The Yale Law Journal


Responses to David Schleicher, Stuck! The Law and Economics of Residential Stagnation

This Collection provides a series of Responses to David Schleicher’s Article, Stuck! The Law and Economics of Residential Stagnation, published in Issue 1. Naomi Schoenbaum, Sheila Foster, Sara Pratt, and Michelle Anderson engage with Schleicher’s central ideas regarding declining interstate mobility.


Stuck or Rooted? The Costs of Mobility and the Value of Place

Naomi Schoenbaum

Naomi Schoenbaum addresses the costs of mobility for productivity, welfare, and sex equality, as well as addresses Schleicher’s treatment of place as a market. Ultimately, Schoenbaum argues that Schleicher’s argument does not sufficiently account for how mobility interacts with critical relationship…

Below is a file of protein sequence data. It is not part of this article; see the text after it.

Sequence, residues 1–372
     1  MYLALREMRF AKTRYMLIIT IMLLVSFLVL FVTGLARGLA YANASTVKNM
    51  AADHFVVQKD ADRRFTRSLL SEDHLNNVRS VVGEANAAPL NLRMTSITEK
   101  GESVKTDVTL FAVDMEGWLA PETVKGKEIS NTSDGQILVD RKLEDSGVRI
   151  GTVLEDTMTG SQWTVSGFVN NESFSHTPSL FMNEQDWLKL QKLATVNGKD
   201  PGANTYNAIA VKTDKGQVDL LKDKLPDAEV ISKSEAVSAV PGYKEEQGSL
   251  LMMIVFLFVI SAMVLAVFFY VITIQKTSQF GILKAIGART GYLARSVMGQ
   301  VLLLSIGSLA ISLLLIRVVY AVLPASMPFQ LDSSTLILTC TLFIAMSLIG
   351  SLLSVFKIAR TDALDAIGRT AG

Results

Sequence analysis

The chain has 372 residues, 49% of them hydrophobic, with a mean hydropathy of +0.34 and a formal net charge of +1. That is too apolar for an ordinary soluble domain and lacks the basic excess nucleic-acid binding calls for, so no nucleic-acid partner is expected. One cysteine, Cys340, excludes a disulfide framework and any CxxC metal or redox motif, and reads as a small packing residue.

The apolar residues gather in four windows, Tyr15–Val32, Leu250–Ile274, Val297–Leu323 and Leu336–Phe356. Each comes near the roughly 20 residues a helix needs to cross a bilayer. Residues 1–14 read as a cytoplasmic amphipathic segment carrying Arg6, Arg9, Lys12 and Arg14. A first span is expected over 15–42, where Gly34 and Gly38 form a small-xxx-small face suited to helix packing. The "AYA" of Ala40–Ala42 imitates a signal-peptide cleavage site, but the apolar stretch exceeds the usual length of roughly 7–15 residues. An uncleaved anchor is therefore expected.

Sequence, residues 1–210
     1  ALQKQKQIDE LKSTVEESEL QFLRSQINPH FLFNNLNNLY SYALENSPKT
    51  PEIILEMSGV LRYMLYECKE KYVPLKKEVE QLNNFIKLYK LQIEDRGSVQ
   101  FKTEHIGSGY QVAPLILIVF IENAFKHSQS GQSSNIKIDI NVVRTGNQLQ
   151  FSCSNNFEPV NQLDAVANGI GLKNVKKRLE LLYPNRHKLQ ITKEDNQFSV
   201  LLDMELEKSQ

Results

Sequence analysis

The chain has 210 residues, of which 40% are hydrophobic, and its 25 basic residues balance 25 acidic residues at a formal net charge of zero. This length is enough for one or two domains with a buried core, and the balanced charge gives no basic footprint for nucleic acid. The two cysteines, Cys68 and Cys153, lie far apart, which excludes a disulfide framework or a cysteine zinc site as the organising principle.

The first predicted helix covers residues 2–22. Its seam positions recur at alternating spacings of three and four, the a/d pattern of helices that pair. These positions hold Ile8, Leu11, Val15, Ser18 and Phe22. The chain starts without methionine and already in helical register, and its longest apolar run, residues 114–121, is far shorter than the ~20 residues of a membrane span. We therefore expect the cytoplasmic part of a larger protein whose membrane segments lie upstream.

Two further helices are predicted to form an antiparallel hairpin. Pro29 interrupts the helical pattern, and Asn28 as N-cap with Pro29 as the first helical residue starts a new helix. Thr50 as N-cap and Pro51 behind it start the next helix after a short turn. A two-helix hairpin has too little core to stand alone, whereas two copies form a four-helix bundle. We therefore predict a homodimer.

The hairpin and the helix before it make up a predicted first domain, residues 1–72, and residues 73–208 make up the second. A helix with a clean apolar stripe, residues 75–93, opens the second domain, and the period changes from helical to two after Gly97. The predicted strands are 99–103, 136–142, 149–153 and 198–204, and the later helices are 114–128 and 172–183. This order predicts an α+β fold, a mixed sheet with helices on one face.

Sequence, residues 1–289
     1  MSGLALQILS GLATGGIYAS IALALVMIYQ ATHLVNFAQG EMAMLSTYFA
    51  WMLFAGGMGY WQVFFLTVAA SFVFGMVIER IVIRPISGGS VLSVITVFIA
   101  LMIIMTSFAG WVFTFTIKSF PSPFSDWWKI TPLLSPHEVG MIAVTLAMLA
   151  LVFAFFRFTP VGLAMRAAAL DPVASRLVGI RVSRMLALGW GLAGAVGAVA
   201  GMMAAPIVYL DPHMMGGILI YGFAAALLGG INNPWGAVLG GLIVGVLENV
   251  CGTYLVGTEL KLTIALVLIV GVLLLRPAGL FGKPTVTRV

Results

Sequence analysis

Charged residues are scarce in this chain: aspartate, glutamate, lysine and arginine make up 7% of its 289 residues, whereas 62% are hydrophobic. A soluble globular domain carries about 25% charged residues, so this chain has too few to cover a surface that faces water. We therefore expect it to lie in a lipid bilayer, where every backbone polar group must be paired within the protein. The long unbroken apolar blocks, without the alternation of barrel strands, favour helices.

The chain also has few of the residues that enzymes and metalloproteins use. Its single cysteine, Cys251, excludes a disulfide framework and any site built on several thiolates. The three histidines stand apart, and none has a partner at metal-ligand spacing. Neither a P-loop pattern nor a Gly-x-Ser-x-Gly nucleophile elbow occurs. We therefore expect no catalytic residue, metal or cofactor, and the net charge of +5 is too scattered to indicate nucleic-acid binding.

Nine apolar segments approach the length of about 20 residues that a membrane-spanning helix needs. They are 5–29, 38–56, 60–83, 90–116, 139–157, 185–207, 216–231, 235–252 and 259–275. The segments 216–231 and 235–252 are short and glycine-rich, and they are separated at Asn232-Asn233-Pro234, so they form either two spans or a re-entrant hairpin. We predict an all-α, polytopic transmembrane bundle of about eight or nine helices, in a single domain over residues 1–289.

The Limits of Mobility and the Persistence of Urban Inequality

Sheila R. Foster

Sheila Foster argues that Schleicher’s prescriptions neglect the economic and racial stratification of disadvantaged populations within the successful metropolitan regions he hopes new migrants will enter. The federal government should help bridge the spatial gap between that opportunity and disadva…


Civil Rights Strategies To Increase Mobility

Sara Pratt

Sara Pratt contends that established and sustained segregation has impeded mobility. Federal leadership, changes to the Fair Housing Act, different approaches to state and local planning, and ultimately, political will may clear the path for increased mobility across state and regional lines.


Losing the War of Attrition: Mobility, Chronic Decline, and Infrastructure

Michelle Wilde Anderson

Michelle Anderson maintains that providing assistance will take more than reducing formal legal barriers to interstate mobility. Meaningful improvements—whether social or geographic—will require a new antipoverty agenda for declining regions, as well as fiscal and environmental responsibility for ex…